United States District Court, D. South Carolina, Charleston Division
TIMOTHY M. CAIN, UNITED STATES DISTRICT JUDGE
matter is before the court on Petitioner's “motion
for mandamus” which was docketed as a petition for a
writ of mandamus pursuant to 28 U.S.C. § 1361. (ECF No.
1). In accordance with 28 U.S.C. § 636(b) and Local Rule
73.02(B)(2), D.S.C., all pre-trial proceedings were referred
to a magistrate judge. On August 24, 2017, Magistrate Judge
Mary Gordon Baker filed a Report and Recommendation
recommending the petition be summarily dismissed with
prejudice. (ECF No. 6). Petitioner was advised he could file
objections to the Report. (ECF No. 6 at 11). However, rather
than file objections, on September 13, 2017, Petitioner filed
a Supplement and an Amended Petition. (ECF Nos. 11 and 12).
Upon review, the court summarily dismisses this action with
magistrate judge makes only a recommendation to the court.
The recommendation has no presumptive weight. The
responsibility to make a final determination remains with the
court. Mathews v. Weber, 423 U.S. 261, 270-71
(1976). The court is charged with making a de novo
determination of those portions of the Report to which
specific objection is made, and the court may accept, reject,
or modify, in whole or in part, the recommendation of the
magistrate judge, or recommit the matter with instructions.
28 U.S.C. § 636(b)(1). However, the court need not
conduct a de novo review when a party makes only
“general and conclusory objections that do not direct
the court to a specific error in the magistrate's
proposed findings and recommendations.” Orpiano v.
Johnson, 687 F.2d 44, 47 (4th Cir. 1982). In the absence
of a timely filed, specific objection, the magistrate
judge's conclusions are reviewed only for clear error.
See Diamond v. Colonial Life & Accident Ins.
Co., 416 F.3d 310, 315 (4th Cir. 2005).
Report, the magistrate judge set forth an in-depth discussion
of the background relating to Petitioner's state
convictions and his prior actions challenging these
convictions. (Report at 1-4). Briefly, in 1992 following a
jury trial, Petitioner was convicted of murder, kidnaping,
and sexual conduct with a minor. He was sentenced to life
imprisonment for the murder and thirty years'
imprisonment for the kidnaping, to run concurrently; and
thirty years' imprisonment for the sexual conduct with a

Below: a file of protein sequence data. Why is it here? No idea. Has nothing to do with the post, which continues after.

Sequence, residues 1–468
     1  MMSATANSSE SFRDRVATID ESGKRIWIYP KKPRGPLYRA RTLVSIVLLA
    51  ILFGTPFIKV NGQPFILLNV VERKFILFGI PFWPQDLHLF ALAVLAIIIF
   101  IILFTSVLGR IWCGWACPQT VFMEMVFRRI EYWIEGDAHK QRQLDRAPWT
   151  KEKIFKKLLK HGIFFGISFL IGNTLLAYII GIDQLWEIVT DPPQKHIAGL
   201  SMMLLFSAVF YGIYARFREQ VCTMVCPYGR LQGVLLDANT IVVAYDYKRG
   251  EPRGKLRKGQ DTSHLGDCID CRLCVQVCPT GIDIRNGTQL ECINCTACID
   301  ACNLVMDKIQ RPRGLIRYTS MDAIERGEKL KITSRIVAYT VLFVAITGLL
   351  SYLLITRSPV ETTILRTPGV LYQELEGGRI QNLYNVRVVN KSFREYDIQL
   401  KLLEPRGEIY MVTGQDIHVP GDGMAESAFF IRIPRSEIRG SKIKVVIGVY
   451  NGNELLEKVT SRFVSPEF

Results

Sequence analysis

minor conviction, to run consecutively. The South Carolina
Supreme Court affirmed Petitioner's convictions and
sentences. State v. John J. Bell, Op. No. 94-MO-185
(S.C. 1994). Petitioner's first application for
post-conviction relief (“PCR”) was denied, and
the South Carolina Supreme Court, which initially granted a
writ of certiorari to review the denial of PCR, subsequently
dismissed the writ as improvidently granted. Bell v.
State, Op. No. 98-MO-33 (S.C. 1998). Petitioner has
filed numerous other unsuccessful actions in state court in
regard to his 1992 convictions and sentences. In federal
court, Petitioner has also filed several actions regarding
his 1992 convictions, including an initial § 2254 habeas
petition. See Bell v. Moore, No. 4:99-2663-GRA
(D.S.C. filed Aug, 12, 1999).
magistrate judge interpreted the instant action as a petition
for mandamus seeking to force the South Carolina Supreme
Court to issue a writ of certiorari for a review of the
denial of PCR in regard to Petitioner's state
convictions. (Report at 5, 8). The magistrate judge concluded
that Petitioner was not entitled to such relief, and that
this deficiency could not be cured by an amendment. (Report
at 9). Further, the magistrate judge determined that this
Petition is barred by the Rooker-Feldman doctrine.
Id. Finally, the magistrate judge concluded
that even if the relief which Petitioner seeks could be
construed as a request for habeas relief, because this is not
Petitioner's first habeas action, he would have to obtain
authorization to file a successive habeas petition from the
Fourth Circuit Court of Appeals. (Report at 10).
subsequent filings, the Supplement and Amended Petition,
Petitioner contends that there has been a gross miscarriage
of justice because he was not provided with discovery for the
offenses he committed in November 1991 and for which he was
convicted of in 1992. (ECF No. 12 at 3). In regard to
these charges, he alleges there were errors with his
indictment, trial, and appeal. Id. at 5. He argues
he was wrongfully convicted. Id. at 6. Reviewing
Petitioner's filings, it is clear the court cannot grant
Petitioner the relief that he is seeking. As the magistrate
judge explained, the Petition is barred by the
Rooker-Feldman doctrine and mandamus relief is
unavailable. Moreover, even if the court were to
construe this action as one for habeas relief, Petitioner
would need authorization from the Fourth Circuit Court of
Appeals, and any amendment would not cure this deficiency.
after a thorough review of the Report and the record in this
case pursuant to the standards set forth above, this action
is DISMISSED with prejudice.
IS SO ORDERED.
OF RIGHT TO APPEAL
parties are hereby notified of the right to appeal this order
pursuant to Rules 3 and 4 of the Federal Rules of Appellate
The Rooker-Feldman doctrine holds that
“lower federal courts are precluded from exercising
appellate jurisdiction over final state-court
judgments.” Lance v. Dennis, 546 U.S. 459, 463
(2006) (per curiam). A “party losing in state court is
barred from seeking what in substance would be appellate
review of the state judgment in a United States district
court.” Johnson v. De Grandy, 512 U.S. 997,
In his Supplement, Petitioner noted
that he had received the Report, and he requested a thirty-
day extension of time to “Amend [his] Appeal” to
address the magistrate judge's conclusion that federal
courts generally do not grant writs of mandamus to compel
state officials to act. ((ECF No. 11 at 1). Petitioner has
filed an Amended Petition (ECF No. 12), in which he addresses
the magistrate judge's ...